Small-scale food systems keep money circulating locally and are a good way to build back declining rural communities.”
"Local foods can strengthen a rural community," said Kenneth Miller. "If you want to buy an avocado or a banana in Vermont that is fi ne, but we want there to be local and regional foods available as well. Small-scale food systems keep money circulating locally and are a good way to build back declining rural communities." Spurred by the local food movement and community-supported agriculture, Kenneth said he launched Law for Food LLC in Vermont in 2010 to help farmers, restaurants, and food entrepreneurs thrive.
"Small-scale food systems keep money circulating locally and are a good way to build back declining rural communities." The firm's 20 or so New England clients range from a dairy farmer in central Vermont to an itinerant slaughterer in the Northeast Kingdom of Vermont. Some of Kenneth's clients are referrals from farming nonprofits throughout New England. Kenneth works closely with organizations that provide legal and business support to small-scale farmers and food entrepreneurs. He also works with agricultural cooperative extensions at the University of Vermont and University of New Hampshire.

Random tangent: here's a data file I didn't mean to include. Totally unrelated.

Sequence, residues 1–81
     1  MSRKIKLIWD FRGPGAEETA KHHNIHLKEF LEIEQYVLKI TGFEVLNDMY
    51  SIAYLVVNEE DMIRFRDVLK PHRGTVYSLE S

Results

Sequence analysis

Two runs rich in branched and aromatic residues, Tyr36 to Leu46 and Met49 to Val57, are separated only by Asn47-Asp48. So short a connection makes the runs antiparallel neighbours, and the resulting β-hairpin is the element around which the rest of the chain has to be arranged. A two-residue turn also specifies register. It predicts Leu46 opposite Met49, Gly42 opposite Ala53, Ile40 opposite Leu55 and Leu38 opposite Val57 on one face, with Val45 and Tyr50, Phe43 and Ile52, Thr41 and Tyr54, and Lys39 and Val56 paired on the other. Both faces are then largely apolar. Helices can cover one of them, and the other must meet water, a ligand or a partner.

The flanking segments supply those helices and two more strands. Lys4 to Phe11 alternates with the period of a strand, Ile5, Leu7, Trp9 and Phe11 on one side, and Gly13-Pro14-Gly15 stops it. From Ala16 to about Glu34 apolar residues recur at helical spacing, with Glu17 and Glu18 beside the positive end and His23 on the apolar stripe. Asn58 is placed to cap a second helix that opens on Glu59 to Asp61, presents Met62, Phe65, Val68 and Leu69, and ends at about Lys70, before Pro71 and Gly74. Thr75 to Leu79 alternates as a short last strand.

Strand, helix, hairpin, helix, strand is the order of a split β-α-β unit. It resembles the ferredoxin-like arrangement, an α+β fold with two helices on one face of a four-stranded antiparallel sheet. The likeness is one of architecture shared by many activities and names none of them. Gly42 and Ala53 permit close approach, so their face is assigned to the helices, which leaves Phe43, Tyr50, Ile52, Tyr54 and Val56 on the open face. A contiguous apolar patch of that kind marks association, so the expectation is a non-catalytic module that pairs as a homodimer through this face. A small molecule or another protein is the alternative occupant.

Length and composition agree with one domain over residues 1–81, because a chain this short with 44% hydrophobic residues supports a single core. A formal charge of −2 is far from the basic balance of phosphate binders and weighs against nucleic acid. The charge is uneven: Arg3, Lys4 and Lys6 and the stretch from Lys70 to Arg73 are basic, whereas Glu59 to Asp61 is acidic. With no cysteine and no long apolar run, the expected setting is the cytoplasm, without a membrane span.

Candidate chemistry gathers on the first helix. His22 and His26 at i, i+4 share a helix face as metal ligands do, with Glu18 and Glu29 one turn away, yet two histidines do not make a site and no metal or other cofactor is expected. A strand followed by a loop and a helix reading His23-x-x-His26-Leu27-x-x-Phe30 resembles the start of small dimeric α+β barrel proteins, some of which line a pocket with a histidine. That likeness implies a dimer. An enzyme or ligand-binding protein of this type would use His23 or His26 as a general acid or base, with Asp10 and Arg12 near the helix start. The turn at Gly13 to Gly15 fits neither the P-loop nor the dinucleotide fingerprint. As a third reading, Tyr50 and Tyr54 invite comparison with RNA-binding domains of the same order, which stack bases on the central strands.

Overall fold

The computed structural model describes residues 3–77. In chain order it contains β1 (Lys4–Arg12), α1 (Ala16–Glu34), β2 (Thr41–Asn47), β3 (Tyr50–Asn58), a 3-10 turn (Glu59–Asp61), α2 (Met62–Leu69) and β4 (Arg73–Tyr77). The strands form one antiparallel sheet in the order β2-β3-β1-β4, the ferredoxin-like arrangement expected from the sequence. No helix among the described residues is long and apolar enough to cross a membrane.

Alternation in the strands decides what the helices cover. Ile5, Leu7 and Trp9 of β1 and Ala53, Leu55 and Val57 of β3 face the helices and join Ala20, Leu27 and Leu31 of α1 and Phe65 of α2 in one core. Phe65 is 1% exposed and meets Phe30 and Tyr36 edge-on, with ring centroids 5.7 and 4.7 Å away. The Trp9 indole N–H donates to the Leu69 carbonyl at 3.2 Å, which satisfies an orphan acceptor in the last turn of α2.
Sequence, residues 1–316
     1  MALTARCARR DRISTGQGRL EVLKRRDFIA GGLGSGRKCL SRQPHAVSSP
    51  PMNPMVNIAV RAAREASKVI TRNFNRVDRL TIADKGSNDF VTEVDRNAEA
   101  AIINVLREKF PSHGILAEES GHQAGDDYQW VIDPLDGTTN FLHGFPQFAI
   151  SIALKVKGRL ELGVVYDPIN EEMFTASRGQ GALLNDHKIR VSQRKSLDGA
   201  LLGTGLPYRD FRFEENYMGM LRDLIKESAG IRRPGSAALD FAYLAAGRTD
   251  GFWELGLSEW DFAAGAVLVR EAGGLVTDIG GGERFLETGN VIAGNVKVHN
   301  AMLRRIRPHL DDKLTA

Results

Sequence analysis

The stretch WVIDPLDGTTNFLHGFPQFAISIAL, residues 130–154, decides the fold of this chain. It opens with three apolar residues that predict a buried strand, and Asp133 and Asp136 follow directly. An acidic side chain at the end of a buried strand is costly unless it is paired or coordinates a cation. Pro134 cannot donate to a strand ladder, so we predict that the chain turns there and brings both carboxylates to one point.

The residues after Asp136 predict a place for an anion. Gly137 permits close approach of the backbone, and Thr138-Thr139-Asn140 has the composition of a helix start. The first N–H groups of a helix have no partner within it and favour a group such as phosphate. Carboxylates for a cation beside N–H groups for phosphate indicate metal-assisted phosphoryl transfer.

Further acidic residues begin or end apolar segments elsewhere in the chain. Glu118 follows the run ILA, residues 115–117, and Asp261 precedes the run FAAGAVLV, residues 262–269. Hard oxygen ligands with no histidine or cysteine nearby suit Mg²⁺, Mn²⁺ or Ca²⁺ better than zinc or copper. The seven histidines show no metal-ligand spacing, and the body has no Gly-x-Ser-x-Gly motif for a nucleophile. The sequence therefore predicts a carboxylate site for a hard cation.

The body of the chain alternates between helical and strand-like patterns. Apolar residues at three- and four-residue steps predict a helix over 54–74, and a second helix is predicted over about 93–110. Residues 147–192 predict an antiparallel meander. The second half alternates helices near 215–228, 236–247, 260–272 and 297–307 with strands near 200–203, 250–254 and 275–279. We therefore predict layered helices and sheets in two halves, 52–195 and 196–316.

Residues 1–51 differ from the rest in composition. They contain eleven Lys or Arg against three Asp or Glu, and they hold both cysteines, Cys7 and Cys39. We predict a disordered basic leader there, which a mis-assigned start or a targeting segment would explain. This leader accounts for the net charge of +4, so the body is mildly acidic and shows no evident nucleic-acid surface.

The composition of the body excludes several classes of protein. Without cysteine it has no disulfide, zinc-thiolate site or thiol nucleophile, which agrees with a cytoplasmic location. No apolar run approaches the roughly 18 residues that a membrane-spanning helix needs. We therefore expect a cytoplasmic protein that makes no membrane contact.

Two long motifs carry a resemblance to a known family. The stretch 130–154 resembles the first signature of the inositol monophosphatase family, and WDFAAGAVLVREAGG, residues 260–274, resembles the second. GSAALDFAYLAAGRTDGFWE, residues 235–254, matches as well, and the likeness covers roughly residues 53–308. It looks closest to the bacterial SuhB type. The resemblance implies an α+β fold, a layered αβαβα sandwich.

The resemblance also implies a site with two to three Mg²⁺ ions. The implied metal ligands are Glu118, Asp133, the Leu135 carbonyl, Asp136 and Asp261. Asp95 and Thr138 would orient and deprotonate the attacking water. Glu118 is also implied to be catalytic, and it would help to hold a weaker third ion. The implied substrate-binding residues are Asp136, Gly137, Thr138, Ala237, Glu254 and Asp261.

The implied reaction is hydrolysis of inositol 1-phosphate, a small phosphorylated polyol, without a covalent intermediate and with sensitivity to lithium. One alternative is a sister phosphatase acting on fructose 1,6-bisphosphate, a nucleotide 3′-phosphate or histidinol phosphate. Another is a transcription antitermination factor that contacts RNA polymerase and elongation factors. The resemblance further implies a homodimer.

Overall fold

His venture arose from conversations about food safety, small-scale agriculture, and assistance for struggling rural communities. "I saw the legal issues surrounding farming during my legal internship at the Rural Vermont," a farm advocacy group in Montpelier, said Kenneth. Through his internship opportunities, he quickly discovered that "VLS instills a sense of responsibility and accountability, and teaches students how to use a JD to make a positive contribution to the community."
He and his partner, Christina Asbee '11, write about food safety, farmers' markets, raw milk, and other issues on their website's blog, www.lawforfood.com. The firm's mainstays are business financing, corporate formation, labor law, regulations, and estate planning. From production contracts to generational estate plans to complex litigation, Kenneth has found many farmers going without the legal support that other businesses consider essential.
Recently, he helped create a legal guide, in conjunction with UVM's agriculture extension office, on the prepurchase of farm goods through CSA shares. "There is some ambiguity on whether CSAs are a type of securities," Kenneth said. "We tell farmers what they should be doing and recommend they talk to each investor and disclose the risks."
Kenneth's learning curve was helped by a Randolph lawyer he started working with in his third year at VLS. She gave him general advice and accompanied him on his first few legal consultations with farmers who wanted a will, power of attorney, and other legal help. Since then, Kenneth has gained traction on an array of legal issues over the years.
"This has been an adventure," he said. "No two issues are alike."